As a biochemist, my mother is a great cook. We have a huge garden — lettuces, raspberries, vegetables. Growing up, we used to pickle and jar all the bags of beans we would take in. We had a whole hill covered in blueberries, the little wild ones, that's how I learned to make blueberry pie. I always do the pastry from scratch: we used to do lard but then switched to butter when Alice Waters came about.
In my choreography, I'm fascinated by the balance between chaos and order. Chaos is part of what I envision in a theatrical space because I actually think at the heart of chaos there is almost always order. It's complex order but there is order. When people watch my work, I want them to have an experience of recognition and empathy. I'm presenting what I believe is beautiful. That's a personal aesthetic and I believe chaos is beautiful.
"There Might Be Others" was a great compositional exercise for me. It was inspired by Terry Riley's score "In C," which is a masterpiece of 1964 minimalism made of up of 53 modules of music. I took that structure and I made 40 modules of movement, each with a name: Whip It, Jangle, Flamingo, Jumping Bean, etc. (I chose 12 for the condensed version.) The performers are instructed to repeat each one as many times as they want before moving onto the next; they have to go in order, and they have to stay within three modules of the rest of the group. Our structure departs from the Riley piece in that the performers will choose the order in real-time. In the Riley there is a predetermined order. I find that structure really beautiful because you see people come together yet remain individuals, and then you see them go off and do similar things in different ways, always creating new possibilities. Every performance is different. That to me is this balance between chaos and order.
Developing "There Might Be Others" on my sabbatical provided the structure for staging a kind of diversity. I brought three of my dancers from New York to Turkey, Poland, Greece and Nova Scotia, where we rehearsed for one week and performed with dancers in each place. You start to see people's different approaches to society. That's when I knew the piece had the potential to be about staging something other than movement, but rather staging interactions, community and individuality. The dancers are not just learning material and replicating it. They're learning a base of material and then doing their version of it. They have agency. In a talkback after a performance at a university in Turkey, with an audience full of women in headdress, one woman said: "It's about negotiation: I saw people coming together and leaving, I saw people arguing and solving. I saw life."
I have had incredible opportunities to collaborate with other artists at Princeton. I had no music score for "There Might Be Others." Last year, I was at a dinner with [Professor of Music] Dan Trueman and told him about what I was doing, and he got this big crazy smile on his face because he was collaborating with Naomi Leonard [the Edwin S. Wilsey Professor of Mechanical and Aerospace Engineering] to use Terry Riley's "In C" as a system to investigate emergent forms in science and music. Over the summer, Dan invited me and my dancers to collaborate with him, Sō Percussion [the Edward T. Cone Ensemble-in-Residence], Möbius Percussion and students in the Sō Percussion Summer Institute. Dan composed his music modules to match mine with the same names — and then we worked out how the dance and music would work together in performance. We decided that for some modules the dancers and musicians would perform the same tasks together. This kind of exploration and experimentation is an example of what research in the arts looks like. The trick of the piece is that in performance dancers and musicians are choosing independent orders for their modules but must track each other so that they can come together at times. The chances for chaos are huge.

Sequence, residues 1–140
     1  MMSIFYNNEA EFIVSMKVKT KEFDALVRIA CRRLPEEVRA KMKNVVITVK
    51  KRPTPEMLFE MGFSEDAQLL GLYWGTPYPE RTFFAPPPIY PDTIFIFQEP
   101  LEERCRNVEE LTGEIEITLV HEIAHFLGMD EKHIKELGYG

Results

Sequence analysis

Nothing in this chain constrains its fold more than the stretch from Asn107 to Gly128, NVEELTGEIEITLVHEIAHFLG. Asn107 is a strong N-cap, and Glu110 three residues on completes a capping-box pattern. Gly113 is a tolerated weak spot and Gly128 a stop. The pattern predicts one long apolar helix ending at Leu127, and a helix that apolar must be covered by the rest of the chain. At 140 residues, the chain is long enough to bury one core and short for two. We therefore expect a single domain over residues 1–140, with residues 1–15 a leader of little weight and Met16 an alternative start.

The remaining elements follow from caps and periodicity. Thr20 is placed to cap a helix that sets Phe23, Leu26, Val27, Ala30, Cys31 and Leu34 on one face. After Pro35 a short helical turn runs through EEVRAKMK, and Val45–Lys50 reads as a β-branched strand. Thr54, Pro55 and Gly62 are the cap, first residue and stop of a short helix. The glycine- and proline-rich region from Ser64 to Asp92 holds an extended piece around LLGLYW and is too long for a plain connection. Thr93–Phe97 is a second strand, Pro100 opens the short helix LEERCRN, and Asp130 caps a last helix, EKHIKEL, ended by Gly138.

Choreography is a form of knowing, a way of knowing. Princeton's investment in the arts has put the University on the map in terms of embracing the understanding that art making is a form of knowledge making.
The thing we're missing with dance in the academy is that there is no peer review platform where research-based choreography is being published — "published" means performance. In science, it's expected that experimental work is happening in the academy and the knowledge of the world is enhanced because of what happens at universities. You go to a science conference, you go to a humanities conference, you read the journals. I'm exploring the possibility of creating a recurring conference where choreography can be presented and videotaped and documented. If this conference happens, it will be available online so we have something to go back and bring into our classrooms. That's the intersection between research and the classroom.
Princeton students are not afraid to bring ideas from other fields into the studio. It might be something they might be thinking about in an anthropology class or a science class. They have a richness and a depth and an understanding of what research is; our framing of dance complements that.
As a teacher, I believe it's my job to get students to ask questions. I keep learning from them. By the time they're seniors, they're true peers to one another and working on these creative senior theses. I'm just watching at that point. I say, "You know that you can make that decision." "I can?" "Yes." And they learn so much from each other, too.
When a Princeton student tells me they want to take a dance class "just for fun," I tell them that it just might change their life. Then I give examples of the many people who took their first dance classes at Princeton and are now leaders in the field — David Rousseve [associate dean, UCLA School of the Arts and Architecture] and Silas Riener [choreographer and former member of the Merce Cunningham Dance Company] to name just two.
One of my joys of teaching at Princeton is being able to watch students change and grow. Not all my students will go on to be dancers but they might become a lawyer writing about the copyright issues in Beyoncé's video. There are so many ways to integrate this passion about dance they discovered. I love being able to mentor people to find their place in the dance field, however tangentially it might be — as a donor, I hope. Or an audience member.